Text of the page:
Comment by Barbara Durkin on July 26, 2017 at 5:08pm
Susan Collins' Top Donors provided by Open Secrets shed light on her reasons for not protecting Maines' scenic beauty. Many below named are major investors/owners/legal advisors to wind interests-
Total Individuals PACs
General Dynamics $160,900 $123,400 $37,500
MBNA Corp $154,304 $137,750 $16,554
Elliott Management $90,200 $90,200 $0
Wish List $85,294 $53,460 $31,834
DLA Piper $79,232 $57,233 $21,999
Blue Cross/Blue Shield $72,000 $14,000 $58,000
Marriott International $67,000 $44,000 $23,000
Verizon Communications $57,721 $26,721 $31,000
Blank Rome LLP $54,200 $44,200 $10,000
Raytheon Co $50,251 $21,751 $28,500
Deloitte LLP $48,250 $18,250 $30,000
Cohen Group $46,826 $46,826 $0
Unum Group $46,630 $27,130 $19,500
Goldman Sachs $43,550 $21,550 $22,000
PricewaterhouseCoopers $43,300 $14,800 $28,500
International Paper $42,199 $2,200 $39,999
New Balance Athletic Shoe $41,450 $41,450 $0
FedEx Express $41,400 $11,400 $30,000
Aetna Inc $40,550 $16,050 $24,500
National Auto Dealers Assn $40,000

We all know about Angus King/wind developer.


Maine as Third World Country:

CMP Transmission Rate Skyrockets 19.6% Due to Wind Power


Click here to read how the Maine ratepayer has been sold down the river by the Angus King cabal.

Maine Center For Public Interest Reporting – Three Part Series: A CRITICAL LOOK AT MAINE’S WIND ACT


(excerpts) From Part 1 – On Maine’s Wind Law “Once the committee passed the wind energy bill on to the full House and Senate, lawmakers there didn’t even debate it. They passed it unanimously and with no discussion. House Majority Leader Hannah Pingree, a Democrat from North Haven, says legislators probably didn’t know how many turbines would be constructed in Maine if the law’s goals were met." . – Maine Center for Public Interest Reporting, August 2010 Part 2 – On Wind and Oil Yet using wind energy doesn’t lower dependence on imported foreign oil. That’s because the majority of imported oil in Maine is used for heating and transportation. And switching our dependence from foreign oil to Maine-produced electricity isn’t likely to happen very soon, says Bartlett. “Right now, people can’t switch to electric cars and heating – if they did, we’d be in trouble.” So was one of the fundamental premises of the task force false, or at least misleading?" Part 3 – On Wind-Required New Transmission Lines Finally, the building of enormous, high-voltage transmission lines that the regional electricity system operator says are required to move substantial amounts of wind power to markets south of Maine was never even discussed by the task force – an omission that Mills said will come to haunt the state.“If you try to put 2,500 or 3,000 megawatts in northern or eastern Maine – oh, my god, try to build the transmission!” said Mills. “It’s not just the towers, it’s the lines – that’s when I begin to think that the goal is a little farfetched.”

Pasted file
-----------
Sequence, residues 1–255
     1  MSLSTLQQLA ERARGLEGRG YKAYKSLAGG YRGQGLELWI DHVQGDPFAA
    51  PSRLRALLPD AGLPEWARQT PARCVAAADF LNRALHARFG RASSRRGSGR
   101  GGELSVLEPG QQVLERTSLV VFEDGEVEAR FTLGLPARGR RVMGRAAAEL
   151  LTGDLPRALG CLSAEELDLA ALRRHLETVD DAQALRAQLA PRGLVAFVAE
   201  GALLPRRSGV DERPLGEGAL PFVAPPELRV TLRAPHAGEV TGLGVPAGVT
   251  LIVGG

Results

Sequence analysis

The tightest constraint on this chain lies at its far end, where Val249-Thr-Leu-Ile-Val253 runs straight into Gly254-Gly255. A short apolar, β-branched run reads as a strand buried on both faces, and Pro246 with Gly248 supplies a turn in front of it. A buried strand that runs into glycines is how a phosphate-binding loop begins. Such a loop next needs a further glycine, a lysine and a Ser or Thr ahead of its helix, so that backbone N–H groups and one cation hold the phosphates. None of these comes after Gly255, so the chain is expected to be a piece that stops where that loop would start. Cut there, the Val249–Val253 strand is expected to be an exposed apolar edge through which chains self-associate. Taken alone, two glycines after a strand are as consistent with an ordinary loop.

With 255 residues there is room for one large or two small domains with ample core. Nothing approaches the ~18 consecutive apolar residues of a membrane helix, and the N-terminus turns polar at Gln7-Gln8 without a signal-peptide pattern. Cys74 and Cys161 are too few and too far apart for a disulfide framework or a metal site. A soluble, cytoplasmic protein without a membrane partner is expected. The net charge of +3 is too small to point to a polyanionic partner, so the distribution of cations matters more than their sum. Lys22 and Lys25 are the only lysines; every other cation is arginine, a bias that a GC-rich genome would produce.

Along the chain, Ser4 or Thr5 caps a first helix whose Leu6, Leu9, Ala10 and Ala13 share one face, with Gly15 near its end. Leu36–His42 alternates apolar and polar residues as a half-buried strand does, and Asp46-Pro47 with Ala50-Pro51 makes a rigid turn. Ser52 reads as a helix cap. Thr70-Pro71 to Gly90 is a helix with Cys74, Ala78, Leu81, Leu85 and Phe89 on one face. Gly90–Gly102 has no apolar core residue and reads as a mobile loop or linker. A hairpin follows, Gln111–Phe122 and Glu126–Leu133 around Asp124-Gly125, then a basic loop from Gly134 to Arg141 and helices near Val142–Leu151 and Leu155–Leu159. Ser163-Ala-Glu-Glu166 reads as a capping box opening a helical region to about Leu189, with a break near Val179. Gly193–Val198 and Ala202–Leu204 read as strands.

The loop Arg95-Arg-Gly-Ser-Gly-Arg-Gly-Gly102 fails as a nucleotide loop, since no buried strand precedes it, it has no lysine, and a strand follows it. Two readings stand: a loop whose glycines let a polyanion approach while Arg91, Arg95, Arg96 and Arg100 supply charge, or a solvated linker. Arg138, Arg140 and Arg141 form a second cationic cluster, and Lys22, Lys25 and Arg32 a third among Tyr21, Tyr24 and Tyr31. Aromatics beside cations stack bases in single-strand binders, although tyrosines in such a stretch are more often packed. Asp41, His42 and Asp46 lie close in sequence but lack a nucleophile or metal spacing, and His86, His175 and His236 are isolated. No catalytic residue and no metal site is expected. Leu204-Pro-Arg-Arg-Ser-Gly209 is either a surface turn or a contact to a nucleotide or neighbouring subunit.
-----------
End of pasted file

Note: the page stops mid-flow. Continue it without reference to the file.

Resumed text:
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Hannah Pingree on the Maine expedited wind law

Hannah Pingree - Director of Maine's Office of Innovation and the Future

"Once the committee passed the wind energy bill on to the full House and Senate, lawmakers there didn’t even debate it. They passed it unanimously and with no discussion. House Majority Leader Hannah Pingree, a Democrat from North Haven, says legislators probably didn’t know how many turbines would be constructed in Maine."